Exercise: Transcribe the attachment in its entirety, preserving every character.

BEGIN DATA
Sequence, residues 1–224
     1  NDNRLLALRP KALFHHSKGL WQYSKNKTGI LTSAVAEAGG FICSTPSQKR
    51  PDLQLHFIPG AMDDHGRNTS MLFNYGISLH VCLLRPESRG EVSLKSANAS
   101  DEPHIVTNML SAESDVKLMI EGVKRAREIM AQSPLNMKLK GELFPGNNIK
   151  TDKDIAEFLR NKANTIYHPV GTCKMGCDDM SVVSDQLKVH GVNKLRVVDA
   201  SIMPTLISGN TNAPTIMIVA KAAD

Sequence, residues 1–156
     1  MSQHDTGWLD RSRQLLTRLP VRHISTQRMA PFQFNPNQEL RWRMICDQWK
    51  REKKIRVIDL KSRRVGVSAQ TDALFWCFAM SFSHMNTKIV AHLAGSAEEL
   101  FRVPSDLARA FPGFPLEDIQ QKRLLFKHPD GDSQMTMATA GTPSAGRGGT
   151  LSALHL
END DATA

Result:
Sequence, residues 1–224
     1  NDNRLLALRP KALFHHSKGL WQYSKNKTGI LTSAVAEAGG FICSTPSQKR
    51  PDLQLHFIPG AMDDHGRNTS MLFNYGISLH VCLLRPESRG EVSLKSANAS
   101  DEPHIVTNML SAESDVKLMI EGVKRAREIM AQSPLNMKLK GELFPGNNIK
   151  TDKDIAEFLR NKANTIYHPV GTCKMGCDDM SVVSDQLKVH GVNKLRVVDA
   201  SIMPTLISGN TNAPTIMIVA KAAD

Sequence, residues 1–156
     1  MSQHDTGWLD RSRQLLTRLP VRHISTQRMA PFQFNPNQEL RWRMICDQWK
    51  REKKIRVIDL KSRRVGVSAQ TDALFWCFAM SFSHMNTKIV AHLAGSAEEL
   101  FRVPSDLARA FPGFPLEDIQ QKRLLFKHPD GDSQMTMATA GTPSAGRGGT
   151  LSALHL